Relaxed/weakened lower oesophageal sphincter (LES) This valve separating the oesophagus from the stomach should stay tightly closed most of the time, blocking food from passing back up the oesophagus but there are a number of diet and lifestyle choices that can weaken this valve. Factors that can weaken the oesophageal sphincter (LES) and make reflux worse:

  • Chocolate

  • Spearmint

  • Peppermint

  • Fried or fatty foods

  • Alcohol

  • Coffee and tea (even decaffeinated)

  • Carbonated drinks

  • Certain medications can cause the valve to relax and not stay tightly shut.

  • Hiatus hernia - puts pressure on the LES through part of the stomach being pulled up through the diaphragm allowing food to escape into the oesophagus.

  • Cigarette smoking - nicotine weakens the LES.

  • Low stomach acid - adequate HCl production is needed to stimulate the closure of the valve.

Once the oesophagus lining has been damaged by acid reflux the following foods and drinks can irritate the lining further:

  • Citrus fruits and juices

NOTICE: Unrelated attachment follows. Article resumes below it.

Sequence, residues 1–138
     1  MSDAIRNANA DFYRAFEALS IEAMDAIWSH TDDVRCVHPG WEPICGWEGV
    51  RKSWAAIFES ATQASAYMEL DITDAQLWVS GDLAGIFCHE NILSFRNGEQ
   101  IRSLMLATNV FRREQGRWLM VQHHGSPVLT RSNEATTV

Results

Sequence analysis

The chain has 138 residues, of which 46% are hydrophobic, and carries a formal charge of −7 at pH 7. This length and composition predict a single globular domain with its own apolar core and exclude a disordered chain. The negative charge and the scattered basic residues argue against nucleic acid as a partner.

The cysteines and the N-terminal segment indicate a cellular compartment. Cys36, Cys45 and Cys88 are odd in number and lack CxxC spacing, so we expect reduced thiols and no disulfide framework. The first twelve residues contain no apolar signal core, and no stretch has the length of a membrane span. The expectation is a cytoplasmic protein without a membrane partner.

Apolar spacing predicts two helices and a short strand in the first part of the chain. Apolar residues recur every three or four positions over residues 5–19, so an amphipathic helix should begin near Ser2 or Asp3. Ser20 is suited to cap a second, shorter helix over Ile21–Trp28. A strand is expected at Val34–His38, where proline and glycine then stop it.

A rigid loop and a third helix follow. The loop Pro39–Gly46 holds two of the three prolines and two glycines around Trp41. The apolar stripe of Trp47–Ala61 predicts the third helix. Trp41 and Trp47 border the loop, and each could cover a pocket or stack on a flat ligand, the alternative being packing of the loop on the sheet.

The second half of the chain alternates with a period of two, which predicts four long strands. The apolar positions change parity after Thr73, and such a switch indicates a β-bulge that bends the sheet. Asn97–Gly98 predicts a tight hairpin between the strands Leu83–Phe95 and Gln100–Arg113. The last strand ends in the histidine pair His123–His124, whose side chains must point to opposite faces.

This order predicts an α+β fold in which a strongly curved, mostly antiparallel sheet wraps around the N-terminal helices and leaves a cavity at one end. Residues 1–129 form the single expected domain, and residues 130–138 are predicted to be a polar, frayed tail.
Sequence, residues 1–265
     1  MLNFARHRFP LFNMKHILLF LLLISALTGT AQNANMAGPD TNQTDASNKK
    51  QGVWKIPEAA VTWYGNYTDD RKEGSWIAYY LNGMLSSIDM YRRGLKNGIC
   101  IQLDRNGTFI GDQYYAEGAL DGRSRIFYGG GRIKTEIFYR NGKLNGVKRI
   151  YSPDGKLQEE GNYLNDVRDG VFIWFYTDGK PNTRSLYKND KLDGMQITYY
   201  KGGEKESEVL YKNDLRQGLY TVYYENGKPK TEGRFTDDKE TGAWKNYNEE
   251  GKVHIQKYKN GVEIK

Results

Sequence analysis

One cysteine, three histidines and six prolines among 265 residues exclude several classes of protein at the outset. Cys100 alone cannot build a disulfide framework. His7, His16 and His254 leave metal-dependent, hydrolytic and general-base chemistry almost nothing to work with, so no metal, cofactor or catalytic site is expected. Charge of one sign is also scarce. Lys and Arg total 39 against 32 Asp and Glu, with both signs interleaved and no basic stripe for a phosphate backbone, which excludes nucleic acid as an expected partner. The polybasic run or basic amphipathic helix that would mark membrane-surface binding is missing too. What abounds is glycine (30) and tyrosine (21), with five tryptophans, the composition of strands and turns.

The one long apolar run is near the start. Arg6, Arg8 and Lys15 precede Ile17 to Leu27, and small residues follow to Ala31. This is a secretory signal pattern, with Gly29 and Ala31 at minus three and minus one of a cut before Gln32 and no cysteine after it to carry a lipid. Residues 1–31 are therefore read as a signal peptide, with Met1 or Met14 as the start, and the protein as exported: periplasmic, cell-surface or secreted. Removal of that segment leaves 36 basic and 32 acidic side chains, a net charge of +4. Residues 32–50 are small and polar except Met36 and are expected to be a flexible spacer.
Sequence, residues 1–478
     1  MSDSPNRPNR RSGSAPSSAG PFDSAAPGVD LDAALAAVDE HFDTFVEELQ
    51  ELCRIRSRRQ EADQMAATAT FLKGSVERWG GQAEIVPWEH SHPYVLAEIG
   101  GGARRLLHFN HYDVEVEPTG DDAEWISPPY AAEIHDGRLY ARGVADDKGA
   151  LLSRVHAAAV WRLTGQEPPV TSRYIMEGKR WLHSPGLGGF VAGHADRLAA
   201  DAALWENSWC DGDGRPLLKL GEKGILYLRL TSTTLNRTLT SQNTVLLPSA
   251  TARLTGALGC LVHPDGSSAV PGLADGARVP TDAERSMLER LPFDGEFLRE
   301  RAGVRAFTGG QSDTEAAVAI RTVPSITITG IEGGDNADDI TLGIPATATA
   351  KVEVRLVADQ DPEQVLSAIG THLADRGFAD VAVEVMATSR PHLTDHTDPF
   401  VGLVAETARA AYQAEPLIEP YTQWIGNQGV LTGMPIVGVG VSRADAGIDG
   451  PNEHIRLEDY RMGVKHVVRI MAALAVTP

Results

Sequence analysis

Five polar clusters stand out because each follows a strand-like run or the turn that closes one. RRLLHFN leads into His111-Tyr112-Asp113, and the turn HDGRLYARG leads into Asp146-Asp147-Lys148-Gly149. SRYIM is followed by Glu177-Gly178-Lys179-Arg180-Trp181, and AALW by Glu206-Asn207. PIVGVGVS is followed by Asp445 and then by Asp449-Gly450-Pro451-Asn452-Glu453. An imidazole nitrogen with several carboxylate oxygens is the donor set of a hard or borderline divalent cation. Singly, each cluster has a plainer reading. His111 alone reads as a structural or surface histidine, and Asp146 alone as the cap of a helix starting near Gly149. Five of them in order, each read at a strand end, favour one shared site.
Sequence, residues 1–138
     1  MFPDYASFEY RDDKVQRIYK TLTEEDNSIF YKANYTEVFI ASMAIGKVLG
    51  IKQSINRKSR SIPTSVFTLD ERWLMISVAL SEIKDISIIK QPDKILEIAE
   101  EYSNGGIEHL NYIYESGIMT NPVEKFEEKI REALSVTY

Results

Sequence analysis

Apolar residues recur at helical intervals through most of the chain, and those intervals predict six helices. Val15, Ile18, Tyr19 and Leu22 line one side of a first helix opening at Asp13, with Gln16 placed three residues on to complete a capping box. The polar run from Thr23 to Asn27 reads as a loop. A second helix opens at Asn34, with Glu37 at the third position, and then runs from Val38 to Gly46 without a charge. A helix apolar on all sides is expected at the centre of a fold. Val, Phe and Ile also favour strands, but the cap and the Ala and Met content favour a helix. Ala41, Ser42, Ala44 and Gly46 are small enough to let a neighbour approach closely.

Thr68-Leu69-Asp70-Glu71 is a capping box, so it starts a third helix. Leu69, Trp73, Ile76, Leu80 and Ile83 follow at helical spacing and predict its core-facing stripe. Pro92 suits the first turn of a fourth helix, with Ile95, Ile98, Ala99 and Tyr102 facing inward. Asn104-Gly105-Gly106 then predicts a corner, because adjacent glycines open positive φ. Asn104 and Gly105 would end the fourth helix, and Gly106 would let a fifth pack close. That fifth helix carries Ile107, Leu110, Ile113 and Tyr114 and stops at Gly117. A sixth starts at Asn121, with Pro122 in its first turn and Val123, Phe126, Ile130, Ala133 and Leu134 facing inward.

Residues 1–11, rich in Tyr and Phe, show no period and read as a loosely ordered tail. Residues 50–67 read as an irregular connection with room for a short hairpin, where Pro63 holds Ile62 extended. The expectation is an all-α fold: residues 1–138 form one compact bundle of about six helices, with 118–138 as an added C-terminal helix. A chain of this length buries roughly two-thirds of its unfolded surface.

• Tomatoes

  • Pepper

  • Spices

  • Garlic

  • Onions

  • Sugary foods and drinks

Ever heard of silent reflux?

This refers to the damage done to the throat and vocal chords by stomach acid. Not only has the LES been breached causing damage and inflammation to the oesophagus but the acid has also broken through the upper oesophageal sphincter (UES), a valve that sits at the top of the oesophagus. When this happens the acid can come into contact with the throat, vocal cords, lungs, mouth, sinuses, ears, and nose.

Silent reflux symptoms in adults can include anything ranging from hoarseness, sore throat, difficulty swallowing and bad breath through to ear infections, snoring and breathing problems.

So what can we do to help resolve acid reflux? 1. Avoid the diet and lifestyle factors listed above if that is possible but please never stop any medications without full agreement with your GP. 2. Adopt effective stress management which can include learning to say “no”, choosing to look for the humour, choosing gratefulness, deep breathing, relaxation, exercise and anything else that gets you thinking and feeling differently about your situation. 3. Include foods that calm and help reduce reflux:

  • Essential fatty acids i.e. oily fish, nuts and seeds

  • Foods that contain enzymes that help support digestion i.e. vegetables, fruit esp. pineapple and papaya.

  • Pre and Probiotics can help balance gut bacteria, support digestion and so reduce reflux i.e. fruit & vegetables, pulses, plain bio yoghurts, fermented foods such as kefir and sauerkraut.